Jeff Buchbinder (13:48):

So we haven't had enough upside to move that needle. We still think we got a good shot at getting to 3% earnings growth. But it's going to be tougher than maybe we thought. To get a lot of upside, you really need upside from the banks. And the banks did okay, but it was not a blowout by any stretch. The you know, the revenue, these beat rates of 70 and 73%, those are a little below where we would expect to be at this stage. But revenue still, you know, probably make a run at 3% just like earnings. We're tracking to 1.7% now very early. Remember, really all we've gotten is a lot of financials and just a smattering of other companies across the various sectors. So it's too early to make any conclusions. In fact, on the next slide, I just have a list of things we're watching, you know, we'll try to come up with some conclusions based on what we've heard thus far.

Jeff Buchbinder (14:43):

But they're going to be with a big asterisk next to them <laugh>. Because there's a lot more results to go. And then this is a big week. We'll talk more about earnings coming this week when we get to the week ahead slide. But you know, overall, it's just, I don't know, it's been kind of uninspiring. I guess I want to get your thoughts on margins, Quincy, and where we are because you know, obviously if revenue grows faster than earnings, you've got a little bit of margin compression, but it's so early, first of all. Second of all, we've been so focused on pricing power and cost pressures that I, you know, I was kind of struck by you know, Procter & Gamble getting such strong pricing, right? It's just one company, but it's a big one. What's your take on where margins might come in? What have you heard that, you know, suggests maybe, you know, margins could you know, expand a little bit as they did last quarter?

Quincy Krosby (15:45):

Well, also, I just want to add, PepsiCo actually came in, did very well there, yeah in terms of pricing, pricing power, well, you know, this is the big issue is margins. This is a focus for this entire earnings season. Because if margins pull back, I mean Tesla, I don't even have to go in, that's another case study unto itself. But what happens with the margin compression is companies are going to have to cut costs and it will probably be labor. And that then leads you to that slowdown, that recession that everyone is talking about. And that's why following this particular earnings season is going to be crucial. Because, you know, when we all talk about margin compression, you also hear, well, you know, they've been hoarding workers, they've been hoarding workers because they were afraid that if they let people go, it'll be difficult to get workers if we don't go into a downturn and or if the economy springs back.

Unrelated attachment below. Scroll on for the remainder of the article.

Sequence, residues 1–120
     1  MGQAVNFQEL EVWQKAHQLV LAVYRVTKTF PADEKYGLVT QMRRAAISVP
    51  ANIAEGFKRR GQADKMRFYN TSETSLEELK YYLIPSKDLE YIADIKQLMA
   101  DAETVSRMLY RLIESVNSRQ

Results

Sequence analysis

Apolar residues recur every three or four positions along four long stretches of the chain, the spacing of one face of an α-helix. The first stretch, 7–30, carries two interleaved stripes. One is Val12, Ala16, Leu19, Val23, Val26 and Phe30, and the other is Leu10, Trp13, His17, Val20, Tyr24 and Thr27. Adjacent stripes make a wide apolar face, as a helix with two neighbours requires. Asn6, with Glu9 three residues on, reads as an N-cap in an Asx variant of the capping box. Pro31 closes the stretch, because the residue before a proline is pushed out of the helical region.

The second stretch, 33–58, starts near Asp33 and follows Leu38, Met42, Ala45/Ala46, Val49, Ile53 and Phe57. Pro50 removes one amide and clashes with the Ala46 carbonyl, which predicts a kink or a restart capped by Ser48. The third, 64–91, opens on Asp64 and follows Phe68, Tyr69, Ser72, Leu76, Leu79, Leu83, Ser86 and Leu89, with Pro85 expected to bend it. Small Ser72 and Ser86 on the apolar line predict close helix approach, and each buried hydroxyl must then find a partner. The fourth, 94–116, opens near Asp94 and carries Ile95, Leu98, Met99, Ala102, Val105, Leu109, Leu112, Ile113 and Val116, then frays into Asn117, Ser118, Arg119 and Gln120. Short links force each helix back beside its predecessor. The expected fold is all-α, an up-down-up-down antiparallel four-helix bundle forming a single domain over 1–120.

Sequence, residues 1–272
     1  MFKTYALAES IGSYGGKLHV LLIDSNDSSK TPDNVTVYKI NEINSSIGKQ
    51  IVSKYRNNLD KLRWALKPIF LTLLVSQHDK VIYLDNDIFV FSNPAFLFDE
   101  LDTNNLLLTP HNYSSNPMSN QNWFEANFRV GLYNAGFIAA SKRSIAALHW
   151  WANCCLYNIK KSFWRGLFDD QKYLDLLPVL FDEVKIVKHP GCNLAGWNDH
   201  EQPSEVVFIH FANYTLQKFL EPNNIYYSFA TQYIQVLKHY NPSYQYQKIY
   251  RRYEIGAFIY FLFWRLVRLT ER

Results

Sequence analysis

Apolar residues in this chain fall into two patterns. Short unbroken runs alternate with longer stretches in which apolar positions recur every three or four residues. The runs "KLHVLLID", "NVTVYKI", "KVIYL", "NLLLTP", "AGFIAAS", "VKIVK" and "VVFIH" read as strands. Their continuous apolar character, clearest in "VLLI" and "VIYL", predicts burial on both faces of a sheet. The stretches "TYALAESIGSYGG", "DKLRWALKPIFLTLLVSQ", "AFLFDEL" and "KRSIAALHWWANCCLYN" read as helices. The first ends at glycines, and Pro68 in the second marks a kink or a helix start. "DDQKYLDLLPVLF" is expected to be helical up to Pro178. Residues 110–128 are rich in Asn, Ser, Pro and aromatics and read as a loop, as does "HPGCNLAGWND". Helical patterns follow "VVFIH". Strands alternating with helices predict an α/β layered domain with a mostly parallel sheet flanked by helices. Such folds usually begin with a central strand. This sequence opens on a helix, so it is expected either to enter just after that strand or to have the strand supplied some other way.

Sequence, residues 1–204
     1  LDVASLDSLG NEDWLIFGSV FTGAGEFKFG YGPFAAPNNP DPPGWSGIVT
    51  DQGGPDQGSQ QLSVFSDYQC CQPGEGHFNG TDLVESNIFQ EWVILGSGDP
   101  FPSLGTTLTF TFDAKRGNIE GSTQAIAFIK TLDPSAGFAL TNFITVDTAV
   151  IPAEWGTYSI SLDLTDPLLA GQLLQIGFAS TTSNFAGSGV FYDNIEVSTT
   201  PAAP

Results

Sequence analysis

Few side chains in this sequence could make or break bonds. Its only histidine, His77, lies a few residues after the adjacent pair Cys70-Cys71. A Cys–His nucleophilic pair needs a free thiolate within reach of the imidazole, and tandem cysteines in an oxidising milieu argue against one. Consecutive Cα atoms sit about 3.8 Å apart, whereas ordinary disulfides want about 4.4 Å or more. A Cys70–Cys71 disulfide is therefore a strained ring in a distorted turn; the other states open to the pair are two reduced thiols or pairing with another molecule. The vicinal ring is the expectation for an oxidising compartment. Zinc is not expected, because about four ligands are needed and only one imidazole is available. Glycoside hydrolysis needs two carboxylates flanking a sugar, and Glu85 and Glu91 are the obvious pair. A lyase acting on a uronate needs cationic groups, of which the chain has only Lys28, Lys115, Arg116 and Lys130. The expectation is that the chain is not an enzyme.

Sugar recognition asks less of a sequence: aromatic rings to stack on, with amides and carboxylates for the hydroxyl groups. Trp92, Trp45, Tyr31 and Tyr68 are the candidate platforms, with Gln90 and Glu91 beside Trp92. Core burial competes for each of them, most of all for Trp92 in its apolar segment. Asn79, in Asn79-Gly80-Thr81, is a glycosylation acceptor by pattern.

Quincy Krosby (16:48):

Which, you know, the third quarter is indicating that we've had a probably stellar third quarter. But in any event, this is what we're listening to from the companies. Already with the automakers quietly, they're letting people go because they know that they are going to have to come up with a deal. It's going to be expensive, and they've got to they've got to cut costs somewhere because that deal is going to cost them quite a bit of money. So if you listen to them, I've been following it over the course of the last couple of weeks, they had been letting people go. And many of them are white collar workers. Because those are the ones that are more costly. So you know, the margin compression is, I think, most important element in this earnings season.

Quincy Krosby (17:40):

We're also hearing that the financial companies have upped more and more of letting people go. We're hearing it in advertising, which is interesting, because obviously advertising depends on growth. But you know, I've been hearing that people have been cut, you know, in some of the hubs for advertising, whether it's New York, whether it's Chicago or the West Coast. So little by little, this is starting to pick up, it's starting to pick up. The question is, is it enough to suggest that we are going to see a major bounce in the unemployment rate? Because as you know, that is it, that's the pathway to what ultimately the Fed really wants. They're hoping to do it without it, but they know that they'll get it, they'll get the consumer to pull back spending, right? And that gives you that sort of, that extra push you need to get inflation to that last mile down in that last mile.